Thursday, January 5, 2012

I never thought I would get sentimental over a tank of all things...

I'm not a military enthusiast, a war history buff or anything like that. To be honest, I feel like I am being a little punished when my husband chooses a military show on the history channel. I know it's important to our history and I do appreciate the education, but I still find little interest in it. That said, I was a little shocked at myself this week when an old army green tank had me with teary eyes. The local newspaper specified it as an M47 Patton, though I didn't know or really care what kind of tank it was, it was one that sat in the front yard of a neighbor's house for decades. It was something of a landmark in the neighborhood as it aided in giving directions, "you're going to go past a house with a tank in the front yard," and was a definite topic of conversation for anyone that wondered about such a large and unique lawn ornament.  I didn't know anything specific about the tank, I never climbed upon it or sat in it's turret, but I did sit in the company of it's owner many times and for that I am very grateful.

What makes this particular tank special is that it was Harry's. Harry McCauley was one of my dad's best friends which gave me the opportunity to sit in his presence many times to enjoy intellectual conversation and debate. Just having a tank in his front yard should be evidence enough that Harry was a one-of-a kind man. To know him and have the blessing to be part of his life only confirmed that fact. Against social faux pas, many of our discussions centered around religion and politics. Both of which he had solid and unashamed stands on and would substantiate his opinions with innumerable historical and biblical references. He wasn't someone who just talked to hear himself or waste his breath, his words had literal and figurative meaning reaching varying degrees of perspective. His words made you think, ponder, study and even question yourself at times. He had a great and unique sense of humor which only colored conversations brighter. As much as Harry could talk, he would listen too and no matter how much more knowledge he had about a subject, he never educated with arrogance or condescension. That is what I loved about our talks, they seemed to just mean something and I always walked away knowing a little more than I did upon sitting down.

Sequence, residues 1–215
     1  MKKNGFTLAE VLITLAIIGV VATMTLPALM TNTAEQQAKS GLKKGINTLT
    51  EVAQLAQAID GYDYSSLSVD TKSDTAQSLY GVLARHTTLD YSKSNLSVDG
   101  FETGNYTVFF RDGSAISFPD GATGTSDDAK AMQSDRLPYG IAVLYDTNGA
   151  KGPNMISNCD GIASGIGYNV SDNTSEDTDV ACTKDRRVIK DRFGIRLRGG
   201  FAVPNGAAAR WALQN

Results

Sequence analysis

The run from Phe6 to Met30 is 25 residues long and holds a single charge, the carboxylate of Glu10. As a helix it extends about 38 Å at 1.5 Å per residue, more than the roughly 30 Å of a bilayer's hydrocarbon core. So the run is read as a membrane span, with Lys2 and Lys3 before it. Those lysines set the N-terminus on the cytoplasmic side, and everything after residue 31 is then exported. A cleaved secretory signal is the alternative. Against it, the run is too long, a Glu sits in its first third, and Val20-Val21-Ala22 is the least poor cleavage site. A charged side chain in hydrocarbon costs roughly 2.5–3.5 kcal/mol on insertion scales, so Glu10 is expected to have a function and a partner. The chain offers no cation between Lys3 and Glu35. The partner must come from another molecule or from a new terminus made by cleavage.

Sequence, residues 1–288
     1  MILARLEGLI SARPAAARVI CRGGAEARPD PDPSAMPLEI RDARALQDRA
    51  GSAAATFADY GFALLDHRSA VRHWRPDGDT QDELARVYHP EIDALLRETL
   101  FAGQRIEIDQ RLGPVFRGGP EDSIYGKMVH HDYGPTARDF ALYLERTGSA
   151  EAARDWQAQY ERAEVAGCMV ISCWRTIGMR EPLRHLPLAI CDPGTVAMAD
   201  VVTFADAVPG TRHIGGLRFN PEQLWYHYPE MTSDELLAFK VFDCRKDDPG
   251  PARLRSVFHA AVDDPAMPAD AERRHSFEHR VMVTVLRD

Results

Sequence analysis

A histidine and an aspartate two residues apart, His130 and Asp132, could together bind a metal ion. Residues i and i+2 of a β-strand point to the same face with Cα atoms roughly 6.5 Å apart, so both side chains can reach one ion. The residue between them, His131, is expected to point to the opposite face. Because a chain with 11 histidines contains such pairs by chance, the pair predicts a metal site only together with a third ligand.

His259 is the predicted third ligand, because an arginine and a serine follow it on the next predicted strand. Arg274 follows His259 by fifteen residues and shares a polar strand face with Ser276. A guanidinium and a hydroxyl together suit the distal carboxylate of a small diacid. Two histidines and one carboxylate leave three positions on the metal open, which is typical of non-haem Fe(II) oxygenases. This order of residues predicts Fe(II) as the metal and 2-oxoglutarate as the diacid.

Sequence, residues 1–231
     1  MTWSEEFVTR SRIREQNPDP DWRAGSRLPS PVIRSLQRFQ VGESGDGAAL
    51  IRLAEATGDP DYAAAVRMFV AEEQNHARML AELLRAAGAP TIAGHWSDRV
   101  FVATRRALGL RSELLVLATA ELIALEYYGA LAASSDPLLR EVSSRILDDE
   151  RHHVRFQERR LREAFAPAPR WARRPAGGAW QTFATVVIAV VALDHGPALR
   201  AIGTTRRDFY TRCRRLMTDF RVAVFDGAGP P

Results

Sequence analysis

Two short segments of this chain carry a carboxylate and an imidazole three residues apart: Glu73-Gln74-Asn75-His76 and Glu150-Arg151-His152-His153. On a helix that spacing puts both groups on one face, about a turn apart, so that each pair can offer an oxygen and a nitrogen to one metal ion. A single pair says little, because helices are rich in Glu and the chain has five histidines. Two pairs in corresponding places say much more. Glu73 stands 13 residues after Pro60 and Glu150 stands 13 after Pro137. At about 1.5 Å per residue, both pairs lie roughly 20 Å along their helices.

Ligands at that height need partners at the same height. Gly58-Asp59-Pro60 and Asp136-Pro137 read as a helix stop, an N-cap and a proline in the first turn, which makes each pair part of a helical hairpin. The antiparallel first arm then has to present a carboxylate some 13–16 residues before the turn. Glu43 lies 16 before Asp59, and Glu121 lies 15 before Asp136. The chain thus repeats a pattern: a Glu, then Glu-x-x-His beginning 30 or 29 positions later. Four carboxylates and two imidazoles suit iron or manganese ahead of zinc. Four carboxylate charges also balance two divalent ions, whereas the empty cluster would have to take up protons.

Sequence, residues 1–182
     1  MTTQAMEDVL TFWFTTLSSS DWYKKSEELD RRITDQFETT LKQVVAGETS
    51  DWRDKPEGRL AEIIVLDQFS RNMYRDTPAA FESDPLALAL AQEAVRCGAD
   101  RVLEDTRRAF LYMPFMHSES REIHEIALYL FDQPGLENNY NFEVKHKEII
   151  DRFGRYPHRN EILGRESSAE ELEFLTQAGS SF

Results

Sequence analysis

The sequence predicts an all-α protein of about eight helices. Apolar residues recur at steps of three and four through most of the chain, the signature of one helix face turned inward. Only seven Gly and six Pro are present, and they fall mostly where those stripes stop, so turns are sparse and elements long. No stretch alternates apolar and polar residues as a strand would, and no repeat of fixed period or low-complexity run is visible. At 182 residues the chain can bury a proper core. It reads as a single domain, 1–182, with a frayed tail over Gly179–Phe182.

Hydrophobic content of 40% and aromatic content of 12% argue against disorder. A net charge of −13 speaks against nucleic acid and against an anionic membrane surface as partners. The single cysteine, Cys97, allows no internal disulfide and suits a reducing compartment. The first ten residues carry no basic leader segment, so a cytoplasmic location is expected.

Harry passed away last March. While we know that death is inevitable, he was as I said, my dad's closest of friends and to witness my father's quiet grief was a new experience for me and hard in itself. When my dad told me last week that the tank had been sold and he was helping oversee it's move off the property, I was upset. I wanted to be there to see it's move and to somewhat commemorate the day, but I really didn't think that a tank transportation day would constitute a sick day in my employer's eyes or understanding. It's monumental presence seemed like a lasting reminder of Harry and was an emotional link to him. However, the tank was moving to a museum which was in my opinion the most honorable place for it as more people could enjoy and appreciate it than just neighborhood passersby. When people view it in the museum it went to or the the next place it will move in it's journey, they will not see the man I see when I would pass through the neighborhood or will see in it's pictures. They will see a relic of history, of wars fought and battles won and monetary worth. But Harry will be there too, just a piece of him forever memorialized in this tank, forever a part or our personal history and now rightfully displayed in a museum of valued history.   


  1. I will miss that old tank too. This is a very sweet tribute to him Nica. Good job.


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